How to Create a Large Connected Shape: A Watercolor Tutorial

Jan 03, 2024

If you've followed me for anytime at all, you know that a foundational lesson I go back to time and time again is finding the large, connected shape of your scene when you're painting a watercolor. It's something I continue to mention because it can be the difference between a disjointed, awkward painting and a cohesive, harmonious one.

Today's blog and video takes this lesson and expands on it. In the video, I show you an example of how I created the connected shape in this photo, and in the blog I lay out some of this lessons in short, easy to digest segments. 

How to Paint a Unified Watercolor

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The idea that you should have a connected shape in your paintings is not something that is easy to immediately grasp. It can really help to have some examples of what I mean. 

Here are some pictures of unfinished paintings that might help you see what I mean when I say "large, connected shape." This collage is made up of paintings that are waiting for the darks and details that provide depth and separation between objects. 

Notice how the middle values connect and create a unified shape in your painting. This is the goal in your second wash.

3 Strategies to Help you See the Connected Shape in Your Reference

Before you even start your watercolor, there are three things you can do that will help that connected shape emerge in your imagination:

  • Squint. This sounds so simple (and it is), but it can make a huge difference. Whether you're looking at a reference photo or a landscape in the wild, squinting can mute some of the details that can distract us from seeing how your middle values can connect. 
  • Turn your reference photo black and white. Sometimes color information can confuse the way we see shapes. When you take this information out of a painting, it can clear things up for you. The connected shape pops out at you a little more obviously.  

  • Complete a Value Study. Value studies can force you to really study your watercolor scene before you pick up a brush. It allows you to map out that connected shape right away and have a plan as you start your painting.

What is the Main Focus in Each of the Three Watercolor Washes?

When we're addressing this topic of the connected shape, I would be remiss to not review the goal of each wash in my watercolor painting process. I paint from light to dark in three washes, and in each wash I have a predominant and unique goal:

First Wash

My goal in the first wash is to lay down all the lightest parts of my painting, sometimes preserving the white of the paper in the lightest areas.

Second Wash

In the second wash, my focus is - like we've been talking about throughout this entire blog - the large, connected middle value shape. Taking advantage of wet-into-wet painting, following "the bead," I connect those middle values in my painting and strive toward a unified effect.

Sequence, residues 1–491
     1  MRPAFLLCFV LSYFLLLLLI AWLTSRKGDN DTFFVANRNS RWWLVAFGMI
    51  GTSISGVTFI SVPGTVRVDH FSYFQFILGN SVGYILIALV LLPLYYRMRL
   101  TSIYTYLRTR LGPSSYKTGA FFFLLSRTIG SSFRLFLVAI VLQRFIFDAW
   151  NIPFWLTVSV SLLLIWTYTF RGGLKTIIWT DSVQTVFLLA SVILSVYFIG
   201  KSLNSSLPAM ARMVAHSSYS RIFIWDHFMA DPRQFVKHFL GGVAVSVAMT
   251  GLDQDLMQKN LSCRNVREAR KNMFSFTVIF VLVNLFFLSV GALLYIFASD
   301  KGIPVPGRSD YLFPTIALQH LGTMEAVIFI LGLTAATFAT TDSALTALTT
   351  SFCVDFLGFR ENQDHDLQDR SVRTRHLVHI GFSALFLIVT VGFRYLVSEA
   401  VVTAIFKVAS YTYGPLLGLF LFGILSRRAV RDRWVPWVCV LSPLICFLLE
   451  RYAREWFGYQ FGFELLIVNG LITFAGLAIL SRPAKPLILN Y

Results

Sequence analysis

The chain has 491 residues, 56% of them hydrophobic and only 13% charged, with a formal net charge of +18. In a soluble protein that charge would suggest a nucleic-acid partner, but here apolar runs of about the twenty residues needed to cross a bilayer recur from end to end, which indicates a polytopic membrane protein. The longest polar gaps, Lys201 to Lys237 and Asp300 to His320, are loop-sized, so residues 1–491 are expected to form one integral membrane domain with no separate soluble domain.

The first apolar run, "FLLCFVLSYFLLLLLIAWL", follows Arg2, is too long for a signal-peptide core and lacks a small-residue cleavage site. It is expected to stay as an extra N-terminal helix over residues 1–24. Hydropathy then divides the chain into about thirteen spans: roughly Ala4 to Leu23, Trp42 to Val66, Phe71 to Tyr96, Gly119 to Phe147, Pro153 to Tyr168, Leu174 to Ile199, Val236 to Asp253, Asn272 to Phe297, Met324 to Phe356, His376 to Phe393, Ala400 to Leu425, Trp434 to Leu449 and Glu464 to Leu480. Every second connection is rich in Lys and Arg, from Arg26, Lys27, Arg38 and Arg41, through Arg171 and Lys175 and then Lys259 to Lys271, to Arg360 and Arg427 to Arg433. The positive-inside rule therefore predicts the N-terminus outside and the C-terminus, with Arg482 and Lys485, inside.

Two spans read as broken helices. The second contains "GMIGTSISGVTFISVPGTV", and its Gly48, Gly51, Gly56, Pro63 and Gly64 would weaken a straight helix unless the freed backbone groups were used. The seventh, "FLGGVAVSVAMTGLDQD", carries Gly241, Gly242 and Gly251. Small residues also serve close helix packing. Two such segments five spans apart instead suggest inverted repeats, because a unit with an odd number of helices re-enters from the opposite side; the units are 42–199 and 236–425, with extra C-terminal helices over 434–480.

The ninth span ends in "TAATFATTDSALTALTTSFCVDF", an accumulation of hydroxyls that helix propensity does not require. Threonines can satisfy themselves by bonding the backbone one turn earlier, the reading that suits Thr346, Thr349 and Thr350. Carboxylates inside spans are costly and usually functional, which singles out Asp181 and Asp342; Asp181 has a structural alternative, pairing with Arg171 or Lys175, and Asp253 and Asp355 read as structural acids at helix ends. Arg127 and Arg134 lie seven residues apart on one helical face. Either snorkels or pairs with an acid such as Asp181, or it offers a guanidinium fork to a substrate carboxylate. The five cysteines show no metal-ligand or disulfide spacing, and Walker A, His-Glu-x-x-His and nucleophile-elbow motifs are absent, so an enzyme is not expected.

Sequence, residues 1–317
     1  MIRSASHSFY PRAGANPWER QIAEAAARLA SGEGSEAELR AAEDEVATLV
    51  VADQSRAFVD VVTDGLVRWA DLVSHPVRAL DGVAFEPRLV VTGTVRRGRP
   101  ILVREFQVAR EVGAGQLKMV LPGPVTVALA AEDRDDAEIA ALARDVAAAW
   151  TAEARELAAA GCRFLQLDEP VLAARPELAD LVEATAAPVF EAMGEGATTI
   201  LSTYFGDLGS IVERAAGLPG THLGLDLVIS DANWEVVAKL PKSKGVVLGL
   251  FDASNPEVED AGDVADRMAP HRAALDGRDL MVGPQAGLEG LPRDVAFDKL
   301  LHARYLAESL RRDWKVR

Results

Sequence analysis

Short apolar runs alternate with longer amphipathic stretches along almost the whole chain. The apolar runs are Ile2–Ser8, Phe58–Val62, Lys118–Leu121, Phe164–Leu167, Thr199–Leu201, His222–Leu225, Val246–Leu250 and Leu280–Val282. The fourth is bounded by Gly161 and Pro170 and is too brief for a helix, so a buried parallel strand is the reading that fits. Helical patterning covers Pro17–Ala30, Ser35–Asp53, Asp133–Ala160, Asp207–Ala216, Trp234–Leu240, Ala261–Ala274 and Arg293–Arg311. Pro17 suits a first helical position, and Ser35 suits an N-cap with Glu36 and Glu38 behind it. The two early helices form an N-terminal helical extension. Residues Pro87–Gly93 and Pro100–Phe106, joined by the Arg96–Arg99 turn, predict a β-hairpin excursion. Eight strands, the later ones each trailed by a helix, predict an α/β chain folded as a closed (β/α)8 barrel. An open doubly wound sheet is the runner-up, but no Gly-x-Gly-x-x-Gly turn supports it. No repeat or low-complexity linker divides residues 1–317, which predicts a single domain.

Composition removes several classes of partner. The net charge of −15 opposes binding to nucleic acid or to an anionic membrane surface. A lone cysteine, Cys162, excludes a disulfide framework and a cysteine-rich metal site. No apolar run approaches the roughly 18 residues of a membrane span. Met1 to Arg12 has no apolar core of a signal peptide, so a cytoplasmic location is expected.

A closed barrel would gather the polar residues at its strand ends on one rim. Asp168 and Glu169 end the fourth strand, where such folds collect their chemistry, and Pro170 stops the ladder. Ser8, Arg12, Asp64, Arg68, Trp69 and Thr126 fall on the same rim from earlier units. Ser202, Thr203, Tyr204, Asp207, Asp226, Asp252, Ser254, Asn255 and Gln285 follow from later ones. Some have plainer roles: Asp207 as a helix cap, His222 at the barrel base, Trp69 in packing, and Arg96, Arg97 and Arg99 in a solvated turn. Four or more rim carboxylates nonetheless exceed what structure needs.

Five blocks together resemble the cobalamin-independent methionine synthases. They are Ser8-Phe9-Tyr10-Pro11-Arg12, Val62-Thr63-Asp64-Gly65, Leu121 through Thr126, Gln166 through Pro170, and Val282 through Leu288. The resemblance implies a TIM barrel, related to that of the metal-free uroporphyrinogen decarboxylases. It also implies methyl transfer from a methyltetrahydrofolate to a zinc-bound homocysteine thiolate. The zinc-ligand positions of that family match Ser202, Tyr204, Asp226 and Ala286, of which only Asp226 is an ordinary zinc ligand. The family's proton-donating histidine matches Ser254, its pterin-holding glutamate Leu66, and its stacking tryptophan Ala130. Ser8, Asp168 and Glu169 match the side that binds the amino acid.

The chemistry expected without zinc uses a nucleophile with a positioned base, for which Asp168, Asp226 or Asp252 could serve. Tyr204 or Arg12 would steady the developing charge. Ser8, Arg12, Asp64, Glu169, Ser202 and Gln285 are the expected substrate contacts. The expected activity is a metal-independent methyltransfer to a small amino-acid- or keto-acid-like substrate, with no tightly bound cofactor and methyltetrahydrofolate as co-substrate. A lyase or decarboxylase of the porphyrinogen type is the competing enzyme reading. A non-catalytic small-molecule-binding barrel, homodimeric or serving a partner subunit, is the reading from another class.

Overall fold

Third Wash

The third wash is where you get to watch it all come together. It can be the most satisfying part of the whole watercolor painting process. The goal here is to add darks and details that differentiate objects and provide depth in your painting. It can also bring forward the beautiful light you've set the stage for in the previous stages of your painting. 

Why It's Important to Take Artistic Liberties When Rendering a Scene from a Reference Photo

But what if your middle values don't actually connect in your reference photo? 

I run into this all the time, and in these moments, I remind myself that my job is not to render a scene with exactitude and precision, but to create an atmosphere that conveys the scene in front of me. I must consider whether a watercolor scene looks realistic, but not whether it could serve as a blueprint of the actual subject of the painting. 

Take artistic liberties that serve the painting. 

This is the job of the artist. If the middle values don't actually connect, change something. Often, the change is slight, but it can make a huge difference in the overall effect of your final watercolor painting. 

How to Create the Large Connected Middle Value Shape in Watercolor Paintings

I hope that this tutorial helps you to be able to take this lesson and put it into practice. It can take time to internalize some of these more complicated lessons, and we're going to make mistakes along the way. Give yourself some grace, keep working hard at your craft, and you'll see the fruits of your labor. 

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